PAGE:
The federal heritage building at 419 Range Road has been closed, at least temporarily.
The building was evacuated Oct. 22, displacing approximately 90 Fisheries and Oceans Canada and Yukon government staff who worked there, due to ground conditions impacting the structure.
Signs have been placed around the property advising of the closure and warning those on the site to be cautious.
The building was “closed as a preventative measure for structural review and assessment of the building’s main entrance due to the discovery of a collapsed section of the subbase of the sidewalk,” Erin Macpherson, spokesperson with Public Services and Procurement Canada, wrote in an emailed statement.
She did not specify where federal employees have been moved.
Yukon Highways and Public Works Department spokesperson Oshea Jephson said there are approximately 47 Yukon government employees who work for the Yukon Water Board and Environment Yukon who would normally be based out of the building.
Jephson said the 24 Environment Yukon staff are now all working out of temporary office locations.
“Business has continued as usual,” he said.
Yukon Water Board employees have been moved temporarily to the Yukon government’s main administration building, he said.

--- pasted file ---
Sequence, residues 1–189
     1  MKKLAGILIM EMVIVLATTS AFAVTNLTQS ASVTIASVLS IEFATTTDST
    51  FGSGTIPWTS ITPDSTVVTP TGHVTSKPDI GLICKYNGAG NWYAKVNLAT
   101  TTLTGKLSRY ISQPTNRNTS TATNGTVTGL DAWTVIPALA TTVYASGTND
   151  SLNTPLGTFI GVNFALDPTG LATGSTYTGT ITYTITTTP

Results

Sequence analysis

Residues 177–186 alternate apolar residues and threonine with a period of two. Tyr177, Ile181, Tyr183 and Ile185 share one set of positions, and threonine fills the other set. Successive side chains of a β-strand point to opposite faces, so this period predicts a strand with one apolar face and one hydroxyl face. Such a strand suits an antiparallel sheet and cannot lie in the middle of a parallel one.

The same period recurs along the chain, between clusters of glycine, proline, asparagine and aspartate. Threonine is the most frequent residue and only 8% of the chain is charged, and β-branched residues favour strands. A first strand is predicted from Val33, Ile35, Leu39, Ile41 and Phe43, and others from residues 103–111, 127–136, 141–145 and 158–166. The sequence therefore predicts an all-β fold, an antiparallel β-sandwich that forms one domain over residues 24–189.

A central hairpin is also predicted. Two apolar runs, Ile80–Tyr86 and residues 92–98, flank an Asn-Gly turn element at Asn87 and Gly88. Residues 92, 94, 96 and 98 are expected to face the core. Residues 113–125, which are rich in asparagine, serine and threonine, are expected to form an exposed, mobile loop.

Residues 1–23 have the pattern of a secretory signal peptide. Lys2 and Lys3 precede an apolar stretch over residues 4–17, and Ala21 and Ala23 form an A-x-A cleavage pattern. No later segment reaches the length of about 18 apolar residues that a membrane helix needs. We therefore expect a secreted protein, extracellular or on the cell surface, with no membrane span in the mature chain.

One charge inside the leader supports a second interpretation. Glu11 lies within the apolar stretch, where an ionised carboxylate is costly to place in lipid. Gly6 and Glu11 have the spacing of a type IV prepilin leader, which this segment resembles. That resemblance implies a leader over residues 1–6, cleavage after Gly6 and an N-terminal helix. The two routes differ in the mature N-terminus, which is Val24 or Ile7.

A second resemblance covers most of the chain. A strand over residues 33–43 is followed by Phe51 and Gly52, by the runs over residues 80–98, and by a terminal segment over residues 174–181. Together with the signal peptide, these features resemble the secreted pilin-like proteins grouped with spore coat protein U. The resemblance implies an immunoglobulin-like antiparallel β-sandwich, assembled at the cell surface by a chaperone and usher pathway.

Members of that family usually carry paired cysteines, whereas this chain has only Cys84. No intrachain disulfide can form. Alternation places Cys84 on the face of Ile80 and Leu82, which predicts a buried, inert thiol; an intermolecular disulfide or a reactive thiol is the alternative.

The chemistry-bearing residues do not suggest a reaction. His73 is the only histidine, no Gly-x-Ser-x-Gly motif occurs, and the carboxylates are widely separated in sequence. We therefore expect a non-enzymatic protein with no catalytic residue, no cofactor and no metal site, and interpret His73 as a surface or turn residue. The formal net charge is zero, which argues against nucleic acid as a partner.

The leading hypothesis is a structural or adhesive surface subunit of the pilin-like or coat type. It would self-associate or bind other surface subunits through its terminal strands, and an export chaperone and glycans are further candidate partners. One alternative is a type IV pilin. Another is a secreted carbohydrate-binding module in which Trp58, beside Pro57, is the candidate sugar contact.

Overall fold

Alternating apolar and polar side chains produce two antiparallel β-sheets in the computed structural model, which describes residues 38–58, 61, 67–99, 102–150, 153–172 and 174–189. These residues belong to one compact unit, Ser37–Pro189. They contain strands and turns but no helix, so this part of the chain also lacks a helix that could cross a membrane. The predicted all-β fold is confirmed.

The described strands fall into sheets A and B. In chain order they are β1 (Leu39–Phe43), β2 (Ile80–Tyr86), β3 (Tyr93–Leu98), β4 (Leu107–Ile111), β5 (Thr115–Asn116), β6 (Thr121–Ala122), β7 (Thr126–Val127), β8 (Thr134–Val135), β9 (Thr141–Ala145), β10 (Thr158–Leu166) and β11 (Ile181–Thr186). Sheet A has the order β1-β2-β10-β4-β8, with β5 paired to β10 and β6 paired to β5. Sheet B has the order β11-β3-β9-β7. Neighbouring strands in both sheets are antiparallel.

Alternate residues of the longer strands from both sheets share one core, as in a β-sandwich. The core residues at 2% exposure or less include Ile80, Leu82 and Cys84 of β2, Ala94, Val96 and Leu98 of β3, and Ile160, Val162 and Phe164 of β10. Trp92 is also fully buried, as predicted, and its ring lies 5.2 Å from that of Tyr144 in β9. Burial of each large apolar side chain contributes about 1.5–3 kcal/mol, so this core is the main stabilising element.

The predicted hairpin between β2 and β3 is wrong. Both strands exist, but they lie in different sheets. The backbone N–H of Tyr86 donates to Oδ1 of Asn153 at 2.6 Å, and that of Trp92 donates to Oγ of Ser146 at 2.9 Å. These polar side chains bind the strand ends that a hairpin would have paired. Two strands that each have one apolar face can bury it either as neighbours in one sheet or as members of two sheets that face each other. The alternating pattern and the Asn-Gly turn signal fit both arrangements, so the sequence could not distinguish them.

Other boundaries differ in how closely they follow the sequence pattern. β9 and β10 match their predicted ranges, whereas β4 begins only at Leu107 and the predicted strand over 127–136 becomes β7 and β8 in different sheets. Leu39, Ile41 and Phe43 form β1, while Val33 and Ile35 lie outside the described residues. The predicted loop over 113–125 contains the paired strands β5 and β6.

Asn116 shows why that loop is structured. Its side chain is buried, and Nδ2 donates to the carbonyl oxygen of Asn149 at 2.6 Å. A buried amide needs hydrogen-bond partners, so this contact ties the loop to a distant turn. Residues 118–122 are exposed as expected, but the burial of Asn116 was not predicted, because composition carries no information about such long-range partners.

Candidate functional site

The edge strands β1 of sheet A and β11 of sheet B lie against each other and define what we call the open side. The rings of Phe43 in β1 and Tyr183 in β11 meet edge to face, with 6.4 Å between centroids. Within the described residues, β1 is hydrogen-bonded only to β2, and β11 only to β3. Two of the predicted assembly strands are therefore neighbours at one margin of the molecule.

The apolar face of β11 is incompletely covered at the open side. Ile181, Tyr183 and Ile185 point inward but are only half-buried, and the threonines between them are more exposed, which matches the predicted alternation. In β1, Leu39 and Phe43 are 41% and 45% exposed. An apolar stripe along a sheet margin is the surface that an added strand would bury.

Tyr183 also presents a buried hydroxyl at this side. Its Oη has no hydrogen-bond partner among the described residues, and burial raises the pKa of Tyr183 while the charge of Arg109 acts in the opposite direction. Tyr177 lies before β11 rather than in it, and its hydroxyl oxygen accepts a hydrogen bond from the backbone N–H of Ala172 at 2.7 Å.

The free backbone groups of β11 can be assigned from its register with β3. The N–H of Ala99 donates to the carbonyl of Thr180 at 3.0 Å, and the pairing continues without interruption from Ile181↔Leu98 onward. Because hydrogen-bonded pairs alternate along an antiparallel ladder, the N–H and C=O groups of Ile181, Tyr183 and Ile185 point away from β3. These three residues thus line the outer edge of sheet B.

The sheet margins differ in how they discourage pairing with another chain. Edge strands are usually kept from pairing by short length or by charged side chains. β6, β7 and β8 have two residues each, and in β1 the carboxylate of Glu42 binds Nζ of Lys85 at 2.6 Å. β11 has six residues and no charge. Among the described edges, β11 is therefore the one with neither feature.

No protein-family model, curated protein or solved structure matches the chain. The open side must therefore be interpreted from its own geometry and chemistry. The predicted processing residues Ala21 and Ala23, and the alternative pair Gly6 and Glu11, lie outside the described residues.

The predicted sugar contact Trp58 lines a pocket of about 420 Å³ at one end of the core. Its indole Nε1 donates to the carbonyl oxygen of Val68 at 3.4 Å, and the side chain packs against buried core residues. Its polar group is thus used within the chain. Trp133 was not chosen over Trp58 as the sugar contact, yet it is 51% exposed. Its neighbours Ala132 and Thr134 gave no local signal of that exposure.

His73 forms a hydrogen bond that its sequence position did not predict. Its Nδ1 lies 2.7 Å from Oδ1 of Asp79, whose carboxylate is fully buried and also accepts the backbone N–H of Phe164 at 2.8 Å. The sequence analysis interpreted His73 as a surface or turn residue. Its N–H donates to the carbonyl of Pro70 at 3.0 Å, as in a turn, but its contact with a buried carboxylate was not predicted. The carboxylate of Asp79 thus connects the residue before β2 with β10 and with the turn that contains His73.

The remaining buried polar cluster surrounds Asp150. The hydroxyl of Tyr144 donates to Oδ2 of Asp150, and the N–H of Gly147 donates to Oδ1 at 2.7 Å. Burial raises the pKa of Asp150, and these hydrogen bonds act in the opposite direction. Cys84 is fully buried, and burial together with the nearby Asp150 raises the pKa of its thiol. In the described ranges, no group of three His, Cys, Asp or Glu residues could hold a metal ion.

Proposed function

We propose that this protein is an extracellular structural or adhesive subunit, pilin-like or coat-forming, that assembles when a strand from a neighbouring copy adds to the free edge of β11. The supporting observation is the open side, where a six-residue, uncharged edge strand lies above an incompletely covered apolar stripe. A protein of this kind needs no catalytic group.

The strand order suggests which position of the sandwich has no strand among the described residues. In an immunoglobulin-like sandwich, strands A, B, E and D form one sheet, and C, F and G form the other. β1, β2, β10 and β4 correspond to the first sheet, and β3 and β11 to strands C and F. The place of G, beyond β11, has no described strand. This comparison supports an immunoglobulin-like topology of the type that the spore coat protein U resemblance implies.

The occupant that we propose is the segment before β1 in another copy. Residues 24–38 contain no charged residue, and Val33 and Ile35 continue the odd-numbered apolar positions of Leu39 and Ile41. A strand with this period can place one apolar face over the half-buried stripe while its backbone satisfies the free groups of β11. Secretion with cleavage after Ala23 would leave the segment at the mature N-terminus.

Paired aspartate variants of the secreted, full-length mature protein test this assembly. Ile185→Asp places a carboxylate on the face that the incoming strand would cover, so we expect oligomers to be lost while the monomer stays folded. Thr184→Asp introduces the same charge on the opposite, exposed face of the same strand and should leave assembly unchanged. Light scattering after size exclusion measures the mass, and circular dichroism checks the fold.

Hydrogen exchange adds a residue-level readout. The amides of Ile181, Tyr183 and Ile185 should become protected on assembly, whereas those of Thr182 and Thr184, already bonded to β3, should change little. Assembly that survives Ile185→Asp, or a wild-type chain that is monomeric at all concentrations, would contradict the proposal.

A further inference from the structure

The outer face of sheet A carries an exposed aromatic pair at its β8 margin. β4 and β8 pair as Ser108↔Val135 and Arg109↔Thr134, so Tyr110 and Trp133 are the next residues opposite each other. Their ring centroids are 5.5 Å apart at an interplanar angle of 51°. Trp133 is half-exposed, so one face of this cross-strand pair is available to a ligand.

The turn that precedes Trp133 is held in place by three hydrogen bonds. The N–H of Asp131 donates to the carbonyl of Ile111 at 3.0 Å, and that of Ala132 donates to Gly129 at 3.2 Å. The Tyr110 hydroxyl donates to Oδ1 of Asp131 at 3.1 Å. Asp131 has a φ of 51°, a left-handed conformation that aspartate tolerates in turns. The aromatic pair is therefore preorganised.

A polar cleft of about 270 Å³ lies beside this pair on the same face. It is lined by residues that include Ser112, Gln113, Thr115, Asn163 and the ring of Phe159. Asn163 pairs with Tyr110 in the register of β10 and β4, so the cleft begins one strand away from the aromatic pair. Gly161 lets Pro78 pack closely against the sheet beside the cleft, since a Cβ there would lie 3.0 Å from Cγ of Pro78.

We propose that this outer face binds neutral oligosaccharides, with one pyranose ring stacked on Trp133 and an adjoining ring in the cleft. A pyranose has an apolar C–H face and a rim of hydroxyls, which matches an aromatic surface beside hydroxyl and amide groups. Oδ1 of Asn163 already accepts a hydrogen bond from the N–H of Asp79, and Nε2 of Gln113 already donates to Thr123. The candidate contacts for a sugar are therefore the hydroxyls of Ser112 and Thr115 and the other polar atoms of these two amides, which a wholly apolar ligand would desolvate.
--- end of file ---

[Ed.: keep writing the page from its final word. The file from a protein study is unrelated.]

Structural assessments are being done by an engineer to look at the structural integrity of the building and explore options.
“Until the building re-opens, departments have put in place alternate working arrangements for their employees,” Macpherson stated. “Tenants were able to retrieve the essential equipment and files that their employees needed to continue their work in an alternate location. All assets and files that remain in the building are secure.”
According to the Parks Canada directory of federal heritage designations, the building, which was constructed in 1952, is formally recognized as a federal heritage building because of its historical associations along with architectural and environmental values.
“Building 200 is very closely associated with the development of the north by the federal government, particularly with regard to surface transportation infrastructure,” the website says.
“Built as a principal barrack for the military base, it later became the building that served as the headquarters for the maintenance and development of the Alaska Highway in the post Second World War period. As one of Camp Takhini’s earliest and most prominent buildings, it also illustrates the importance of the establishment of the military base to the community of Whitehorse.”
Contact Stephanie Waddell at email@example.com